When a certain provision is attributed to another person, this implies that its owner occupies a higher level than it does, because he possesses it and uses it as he wishes, making him its master (malik) and owner; whereas someone who loves this provision becomes its servant (mamluk). The Qur'an wants us to be masters of the provisions ('as a provision for you') not for worldly provisions to become our masters! And this is why some say that the essence of asceticism (zuhd) is that nothing owns the human being, not that the human being owns nothing.8
Allah attributes the provisions of this world to mankind and cattle equally –
“ ...... for you and your livestock...” (an-Nazi’at, 79:33).
but the distinction between them lies in other areas; namely reflection and thought. It is only through these activities that the human being becomes a rational animal (haywan natiq).
The tribulation a servant faces on the Day of Judgment as a consequence of his actions is graver than any other he has experienced. That is why Allah calls it 'the Greatest Catastrophe.' A catastrophe (tamma) means something overwhelming; it is described as 'greatest' (kubra) to emphasize its gravity. Once we comprehend this, we will come to realize that we should endure the hardships of this world to avoid something worse than them!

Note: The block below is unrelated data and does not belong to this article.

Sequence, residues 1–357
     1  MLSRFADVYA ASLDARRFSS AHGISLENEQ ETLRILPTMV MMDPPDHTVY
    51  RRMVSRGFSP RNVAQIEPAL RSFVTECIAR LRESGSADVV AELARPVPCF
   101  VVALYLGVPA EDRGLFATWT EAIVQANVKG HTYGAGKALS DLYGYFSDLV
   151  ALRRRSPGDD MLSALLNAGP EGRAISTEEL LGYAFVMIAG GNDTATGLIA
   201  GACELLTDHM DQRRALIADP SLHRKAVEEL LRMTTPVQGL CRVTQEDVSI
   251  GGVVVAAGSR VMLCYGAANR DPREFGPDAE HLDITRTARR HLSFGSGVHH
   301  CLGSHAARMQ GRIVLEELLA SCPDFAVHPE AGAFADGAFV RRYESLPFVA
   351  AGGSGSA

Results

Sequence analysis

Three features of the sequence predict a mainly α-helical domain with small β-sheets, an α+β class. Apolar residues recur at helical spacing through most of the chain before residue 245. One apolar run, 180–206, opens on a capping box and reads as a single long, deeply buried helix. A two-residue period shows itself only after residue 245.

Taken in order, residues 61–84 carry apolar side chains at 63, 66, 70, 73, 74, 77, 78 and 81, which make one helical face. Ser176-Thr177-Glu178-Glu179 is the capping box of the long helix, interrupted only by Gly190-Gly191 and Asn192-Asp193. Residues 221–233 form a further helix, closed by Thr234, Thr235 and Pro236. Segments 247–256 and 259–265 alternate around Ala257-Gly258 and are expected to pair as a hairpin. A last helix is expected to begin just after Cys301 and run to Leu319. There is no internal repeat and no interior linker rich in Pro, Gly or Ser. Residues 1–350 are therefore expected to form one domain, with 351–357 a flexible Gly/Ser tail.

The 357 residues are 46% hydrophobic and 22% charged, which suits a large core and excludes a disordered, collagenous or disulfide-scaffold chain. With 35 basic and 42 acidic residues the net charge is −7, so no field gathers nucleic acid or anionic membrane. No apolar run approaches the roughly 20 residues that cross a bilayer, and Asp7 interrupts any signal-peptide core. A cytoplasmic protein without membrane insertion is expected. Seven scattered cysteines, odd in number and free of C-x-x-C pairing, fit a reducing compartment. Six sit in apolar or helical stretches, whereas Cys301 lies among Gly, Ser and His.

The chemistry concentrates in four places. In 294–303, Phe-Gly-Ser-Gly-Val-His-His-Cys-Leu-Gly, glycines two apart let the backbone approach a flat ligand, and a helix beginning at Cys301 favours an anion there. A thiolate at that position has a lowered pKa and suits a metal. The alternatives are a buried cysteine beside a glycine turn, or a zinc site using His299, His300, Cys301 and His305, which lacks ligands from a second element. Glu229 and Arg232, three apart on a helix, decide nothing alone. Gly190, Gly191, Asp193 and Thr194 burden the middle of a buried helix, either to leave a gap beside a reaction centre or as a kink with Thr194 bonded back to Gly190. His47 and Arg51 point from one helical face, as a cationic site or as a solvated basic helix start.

During the events of the Resurrection, and especially when Hell comes into view for its (soon-to-be) inhabitants, human being will be constantly reminded of his efforts in this world:
“the day when man will remember his endeavours” (an-Nazi’at, 79:35).
And this in itself is a kind of punishment for the inhabitants of hell because it associates their past actions with their immediate consequences. They will see that their worldly pleasures have truly vanished and their suffering has now begun!
How appropriate it is that this remembrance - which is in the abode of this world - should be an opportunity for us to change our ways, as this lies at the very core of self-accounting (muhasabah) and self-observation (muraqabah). And Imam al-Kazim (‘a) disassociates from anyone who neglects these duties when he says: 'Not of us is whoever does not hold himself to account every day!'9